Yet many states have decided not to expand Medicaid, even though the federal government is bearing 100% of the costs for the first 3 years and never less than 90% thereafter. Those decisions have left 5 million Americans — most of them the working poor, with incomes below the federal poverty level — in the “Medicaid gap.”3 I see many such patients in my practice.
In February 2013, before a law was passed in North Carolina blocking Medicaid expansion, health care workers and nongovernmental patient organizations held a press conference at the North Carolina General Assembly building. Then we published an editorial arguing that expanding Medicaid would be financially beneficial to North Carolina in the long run. Our legislature plowed on. So on April 29, 2013, the “Moral Monday” protests began, in an attempt to change the minds of Governor Pat McCrory, House Speaker Thom Tillis, and North Carolina legislators. To academics, such a quest might sound quixotic, but protests (along with common sense) have helped to lead several conservative Republican governors to change their views on Medicaid expansion. Jan Brewer (R-AZ), John Kasich (R-OH), and Rick Scott (R-FL) had all campaigned against the ACA but eventually supported its implementation. We hoped that protests in North Carolina would have a similar effect.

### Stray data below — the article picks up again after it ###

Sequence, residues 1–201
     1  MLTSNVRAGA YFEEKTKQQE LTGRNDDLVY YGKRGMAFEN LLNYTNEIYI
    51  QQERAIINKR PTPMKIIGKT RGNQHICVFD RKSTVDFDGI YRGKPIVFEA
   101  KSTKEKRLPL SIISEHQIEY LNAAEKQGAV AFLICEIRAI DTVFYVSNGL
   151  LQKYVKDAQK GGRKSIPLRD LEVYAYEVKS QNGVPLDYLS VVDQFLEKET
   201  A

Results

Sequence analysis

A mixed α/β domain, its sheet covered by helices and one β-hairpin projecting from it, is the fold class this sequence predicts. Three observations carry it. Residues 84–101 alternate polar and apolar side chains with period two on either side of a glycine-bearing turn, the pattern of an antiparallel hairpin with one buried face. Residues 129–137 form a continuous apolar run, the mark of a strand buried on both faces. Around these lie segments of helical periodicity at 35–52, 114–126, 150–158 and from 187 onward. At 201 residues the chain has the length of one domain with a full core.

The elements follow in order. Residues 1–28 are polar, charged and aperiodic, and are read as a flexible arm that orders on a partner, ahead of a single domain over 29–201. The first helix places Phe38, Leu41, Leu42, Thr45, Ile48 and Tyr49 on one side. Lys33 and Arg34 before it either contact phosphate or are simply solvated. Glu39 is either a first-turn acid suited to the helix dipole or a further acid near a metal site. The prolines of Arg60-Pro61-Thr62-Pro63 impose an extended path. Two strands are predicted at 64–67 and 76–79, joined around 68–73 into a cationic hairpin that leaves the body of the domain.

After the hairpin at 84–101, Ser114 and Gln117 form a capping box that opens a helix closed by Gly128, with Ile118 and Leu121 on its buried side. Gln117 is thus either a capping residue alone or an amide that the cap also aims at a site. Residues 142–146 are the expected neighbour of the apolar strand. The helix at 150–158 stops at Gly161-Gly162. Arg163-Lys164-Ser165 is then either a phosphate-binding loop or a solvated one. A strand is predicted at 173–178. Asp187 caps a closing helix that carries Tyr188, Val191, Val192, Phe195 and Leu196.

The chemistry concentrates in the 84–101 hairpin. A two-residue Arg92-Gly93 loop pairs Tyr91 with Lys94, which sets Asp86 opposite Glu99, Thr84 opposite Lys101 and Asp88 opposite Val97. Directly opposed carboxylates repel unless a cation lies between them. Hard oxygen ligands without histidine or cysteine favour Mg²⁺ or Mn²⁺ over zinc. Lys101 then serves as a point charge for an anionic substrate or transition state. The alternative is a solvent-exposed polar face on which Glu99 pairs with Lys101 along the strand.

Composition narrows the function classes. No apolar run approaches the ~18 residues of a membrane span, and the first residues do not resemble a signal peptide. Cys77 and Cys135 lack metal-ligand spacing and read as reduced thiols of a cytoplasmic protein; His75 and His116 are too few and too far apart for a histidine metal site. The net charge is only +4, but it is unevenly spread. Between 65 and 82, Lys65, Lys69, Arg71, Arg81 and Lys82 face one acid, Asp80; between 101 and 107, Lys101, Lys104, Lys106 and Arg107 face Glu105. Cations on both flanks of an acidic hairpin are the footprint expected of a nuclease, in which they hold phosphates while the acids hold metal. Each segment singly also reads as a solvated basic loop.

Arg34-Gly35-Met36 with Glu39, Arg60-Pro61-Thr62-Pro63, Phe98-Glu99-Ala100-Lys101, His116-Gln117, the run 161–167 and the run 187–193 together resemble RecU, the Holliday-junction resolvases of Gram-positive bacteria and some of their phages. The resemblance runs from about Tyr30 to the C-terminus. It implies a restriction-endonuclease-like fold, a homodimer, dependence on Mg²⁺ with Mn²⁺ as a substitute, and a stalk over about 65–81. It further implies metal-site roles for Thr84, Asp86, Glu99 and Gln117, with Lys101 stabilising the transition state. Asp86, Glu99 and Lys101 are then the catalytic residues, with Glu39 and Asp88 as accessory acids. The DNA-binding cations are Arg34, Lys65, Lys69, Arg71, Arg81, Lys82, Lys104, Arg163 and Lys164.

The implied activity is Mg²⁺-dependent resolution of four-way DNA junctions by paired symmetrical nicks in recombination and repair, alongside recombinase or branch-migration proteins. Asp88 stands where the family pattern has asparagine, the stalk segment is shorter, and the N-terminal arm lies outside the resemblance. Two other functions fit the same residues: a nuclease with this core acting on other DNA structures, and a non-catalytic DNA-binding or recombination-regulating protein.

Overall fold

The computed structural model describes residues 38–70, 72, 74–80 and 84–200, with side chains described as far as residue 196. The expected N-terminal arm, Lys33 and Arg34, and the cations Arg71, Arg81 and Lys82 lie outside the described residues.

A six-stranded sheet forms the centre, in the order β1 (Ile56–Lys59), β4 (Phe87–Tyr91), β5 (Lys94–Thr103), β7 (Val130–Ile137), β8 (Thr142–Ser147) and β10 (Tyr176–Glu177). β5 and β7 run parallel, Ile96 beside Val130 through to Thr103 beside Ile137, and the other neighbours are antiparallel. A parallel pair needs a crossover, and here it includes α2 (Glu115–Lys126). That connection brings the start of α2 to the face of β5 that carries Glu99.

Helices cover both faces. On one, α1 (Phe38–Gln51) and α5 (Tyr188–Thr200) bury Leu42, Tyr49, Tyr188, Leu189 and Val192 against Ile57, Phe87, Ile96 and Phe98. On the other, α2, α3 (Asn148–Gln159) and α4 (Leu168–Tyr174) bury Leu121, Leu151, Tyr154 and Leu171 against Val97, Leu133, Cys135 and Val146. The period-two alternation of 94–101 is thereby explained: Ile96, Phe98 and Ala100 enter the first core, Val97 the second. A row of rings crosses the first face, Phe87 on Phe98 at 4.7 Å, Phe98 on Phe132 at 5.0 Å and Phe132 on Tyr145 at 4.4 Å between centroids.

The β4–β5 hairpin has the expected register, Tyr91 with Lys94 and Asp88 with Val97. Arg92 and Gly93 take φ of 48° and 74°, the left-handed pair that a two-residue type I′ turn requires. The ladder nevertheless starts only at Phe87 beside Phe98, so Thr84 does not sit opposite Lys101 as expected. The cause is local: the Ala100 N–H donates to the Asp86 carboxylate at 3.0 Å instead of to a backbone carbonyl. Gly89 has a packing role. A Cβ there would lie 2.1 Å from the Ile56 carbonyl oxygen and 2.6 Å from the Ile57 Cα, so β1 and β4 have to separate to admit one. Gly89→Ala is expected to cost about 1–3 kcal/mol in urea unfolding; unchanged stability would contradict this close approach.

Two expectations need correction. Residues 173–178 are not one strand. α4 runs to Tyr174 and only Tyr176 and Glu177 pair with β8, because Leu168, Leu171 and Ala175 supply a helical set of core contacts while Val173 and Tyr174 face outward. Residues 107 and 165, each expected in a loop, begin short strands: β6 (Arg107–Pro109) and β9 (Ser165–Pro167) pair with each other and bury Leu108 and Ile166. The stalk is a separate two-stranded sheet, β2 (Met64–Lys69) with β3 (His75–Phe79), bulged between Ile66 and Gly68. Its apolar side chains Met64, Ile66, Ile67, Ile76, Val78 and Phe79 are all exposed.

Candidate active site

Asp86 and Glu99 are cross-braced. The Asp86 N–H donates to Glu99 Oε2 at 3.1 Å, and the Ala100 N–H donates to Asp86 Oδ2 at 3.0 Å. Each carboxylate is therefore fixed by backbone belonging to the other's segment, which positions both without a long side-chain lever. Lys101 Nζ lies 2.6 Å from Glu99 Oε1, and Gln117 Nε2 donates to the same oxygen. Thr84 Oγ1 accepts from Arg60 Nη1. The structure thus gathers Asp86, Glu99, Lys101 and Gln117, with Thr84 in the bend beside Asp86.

On that April day, a few hundred peaceful protestors sang songs and carried placards; 17 of them were arrested in front of the General Assembly chamber doors, including leader Reverend William Barber II of the North Carolina NAACP, the historian Tim Tyson, and Duke faculty member and physician assistant Perri Morgan. The following Monday, I was arrested along with 32 others, including lawyers, professors, and activists. By the end of the legislative session in July, more than 900 people had been arrested, and thousands were traveling to Raleigh from all over the state on Monday afternoons. With the protests and arrests receiving constant publicity, our governor, who had been elected with 54.6% of the vote, saw his approval rate drop to 39%, while the legislature’s fell to 24%.4 The Moral Monday protests, by contrast, remain popular and are known statewide. Our political leaders have not budged, but the protests have educated and informed independent voters about the impact of legislative decisions and fueled a voter-registration drive with enthusiastic supporters.